It's hard to believe Labor Day weekend is here and Wagon Days is about to start. The great news is we're now entering into the finest month of fishing. It's like fruit on the trees where everything has finally turned ripe. Water conditions are near perfect, hatches are significant and easy to fish, and trout size can be the best we see all year. What more could an angler want? Fishing has been very strong on most water systems but a little inconsistent on a few because of a transitional period in hatches. Let's have a look at what you should find over Labor Day.
SILVER CREEK—A tad inconsistent mainly because of the transitional period of old and new hatches. For the most part, Trico is gone for the year. Depending on where you are located on the stream (and the location seems very specific), the Beatis spinner can and will be significant for few weeks to come, in the late morning hours. Not only a Mason Quill Beatis Spinners #22 but a little PMD Parachute #22-24 is also taking fish. Until recently, Callibeatis has been somewhat elusive but has now come into its own. Heavy in the lower pond and lower half of the upper pond of the floating section, the hatch can be concentrated near and around floating weed beds. This is where you need to position yourself. A Thorax Speckled Dun #18 and a Para Speckled Dun should do the job. A Crippled Callibeatis #18 is also a good bet. This hatch should last well into September.
BIG WOOD RIVER—The Wood has been fishing very well. Trico has been very heavy in the morning throughout the system and Upright Black/White Parachute #20-22 are readily taking fish. Even a size 18 will work in pinch. Midday, fishing has also been strong for medium sized fish using Para Adams #16 and Cahill Type Parachutes #16 as well as Copper Johns #16 and Flashback Pheasant Tails #16, fished wet. In the late afternoon, Beatis begins to hatch and things start to get interesting. The fish tend to drop down in tails of runs to feed so before you cast, a little observation is first needed. Look for oversized rocks and slight depressions but in general, the fish can be anywhere. The fish are tough and a Para Lt. Olive #20-22 will take fish and an Olive or Brown Un-weighted Nymph #20 to risers, is also effective at times. Been looking for the Red Quill (T. Hecuba) but it has remained very elusive. The hatch can be cyclical from year to year but with minor runoff this spring, it should be good this year. Look for it mid to late afternoon. A Mason Red Quill and Cripple #10-12 and Para Hares Ear #10-12 have worked well and in past years, a Gray Wulff #12 has done the job in a pinch.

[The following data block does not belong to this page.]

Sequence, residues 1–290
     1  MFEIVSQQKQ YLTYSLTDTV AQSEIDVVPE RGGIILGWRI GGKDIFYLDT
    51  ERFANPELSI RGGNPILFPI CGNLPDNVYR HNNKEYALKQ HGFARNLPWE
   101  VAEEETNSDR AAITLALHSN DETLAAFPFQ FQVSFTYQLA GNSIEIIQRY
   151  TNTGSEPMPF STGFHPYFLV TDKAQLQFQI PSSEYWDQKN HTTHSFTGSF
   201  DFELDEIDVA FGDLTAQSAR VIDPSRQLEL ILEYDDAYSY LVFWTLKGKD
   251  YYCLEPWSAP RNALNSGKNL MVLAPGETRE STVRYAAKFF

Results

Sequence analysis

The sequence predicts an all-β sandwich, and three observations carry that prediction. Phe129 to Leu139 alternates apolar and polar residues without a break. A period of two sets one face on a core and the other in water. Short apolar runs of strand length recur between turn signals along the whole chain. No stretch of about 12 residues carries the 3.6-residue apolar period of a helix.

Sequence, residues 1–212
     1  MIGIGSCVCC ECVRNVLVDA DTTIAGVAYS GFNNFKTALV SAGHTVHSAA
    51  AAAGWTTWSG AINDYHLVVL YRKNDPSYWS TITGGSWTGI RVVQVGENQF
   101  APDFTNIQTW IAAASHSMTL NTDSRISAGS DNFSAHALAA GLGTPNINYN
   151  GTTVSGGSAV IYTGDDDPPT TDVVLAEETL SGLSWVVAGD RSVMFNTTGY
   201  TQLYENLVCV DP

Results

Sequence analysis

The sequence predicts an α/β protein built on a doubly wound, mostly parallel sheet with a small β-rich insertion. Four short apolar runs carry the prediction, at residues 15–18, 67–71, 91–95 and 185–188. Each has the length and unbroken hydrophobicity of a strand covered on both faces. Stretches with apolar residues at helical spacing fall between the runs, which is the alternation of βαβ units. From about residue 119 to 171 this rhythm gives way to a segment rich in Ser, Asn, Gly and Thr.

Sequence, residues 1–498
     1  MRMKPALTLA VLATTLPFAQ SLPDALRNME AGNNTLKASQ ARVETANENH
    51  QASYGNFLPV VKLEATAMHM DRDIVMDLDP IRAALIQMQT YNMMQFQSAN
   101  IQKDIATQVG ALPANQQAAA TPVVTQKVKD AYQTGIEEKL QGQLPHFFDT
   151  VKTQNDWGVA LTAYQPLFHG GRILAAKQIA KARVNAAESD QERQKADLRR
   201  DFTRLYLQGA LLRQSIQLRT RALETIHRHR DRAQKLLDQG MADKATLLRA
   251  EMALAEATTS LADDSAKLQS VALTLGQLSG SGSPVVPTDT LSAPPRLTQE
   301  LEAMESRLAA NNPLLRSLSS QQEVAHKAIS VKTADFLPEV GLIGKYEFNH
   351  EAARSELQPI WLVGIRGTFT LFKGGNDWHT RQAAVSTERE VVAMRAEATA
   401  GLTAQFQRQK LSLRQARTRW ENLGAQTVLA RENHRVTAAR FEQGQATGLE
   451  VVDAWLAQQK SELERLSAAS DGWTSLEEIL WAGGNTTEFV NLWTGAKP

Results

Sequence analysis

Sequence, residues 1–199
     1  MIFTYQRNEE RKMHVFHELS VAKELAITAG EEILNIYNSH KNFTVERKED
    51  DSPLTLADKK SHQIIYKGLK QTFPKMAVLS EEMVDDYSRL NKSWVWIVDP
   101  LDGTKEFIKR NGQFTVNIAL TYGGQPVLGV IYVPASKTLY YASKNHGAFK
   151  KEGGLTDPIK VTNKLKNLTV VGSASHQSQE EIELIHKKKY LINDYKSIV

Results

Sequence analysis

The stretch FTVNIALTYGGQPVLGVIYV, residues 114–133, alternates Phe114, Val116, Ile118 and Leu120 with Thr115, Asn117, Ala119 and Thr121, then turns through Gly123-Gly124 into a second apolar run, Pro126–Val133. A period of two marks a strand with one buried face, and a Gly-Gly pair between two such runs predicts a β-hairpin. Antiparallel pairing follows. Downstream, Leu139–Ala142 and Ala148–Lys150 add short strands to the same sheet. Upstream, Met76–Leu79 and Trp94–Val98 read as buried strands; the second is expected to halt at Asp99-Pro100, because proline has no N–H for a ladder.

BIG LOST—If there has been a "Talk of the Town," it has been the Upper Big Lost, in other words the North and East Fork. I've also been told that Wildhorse has been great. Fish & Game has made a concentrated effort to establish the Cutthroat and so far, it has been a success. All are fishing very well and standard patterns #12-16 are all you need. As luck would have it, the minute I mention that the lower river would probably remain higher than normal, the irrigation boys dropped levels to 350 cfs (I think they love messing with me). Fishing should be great with dry flies (Trico) coming into play. Prince Nymphs #10-12 and Copper Johns #12-14 are always the flies of choice.
WARM SPRINGS/TRAIL CREEK—Water is low but fishing is just fine for smaller fish and planters. Standard patterns and nymphs should work well.
PENNY LAKE/LAKE CREEK/GAVER'S LAGOON (Hayspur Fish Hatchery)—All have been planted for the last time this year so there should be plenty of fish. Gavers at Hayspur Hatchery will receive the last of larger leftovers. Flies and bait are both effective.
SOUTH FORK OF THE BOISE RIVER—Still high at 1000 cfs and tough wading. Should see a drop this week??? Look for Pink Albert's #16 midday. Always will have Caddis.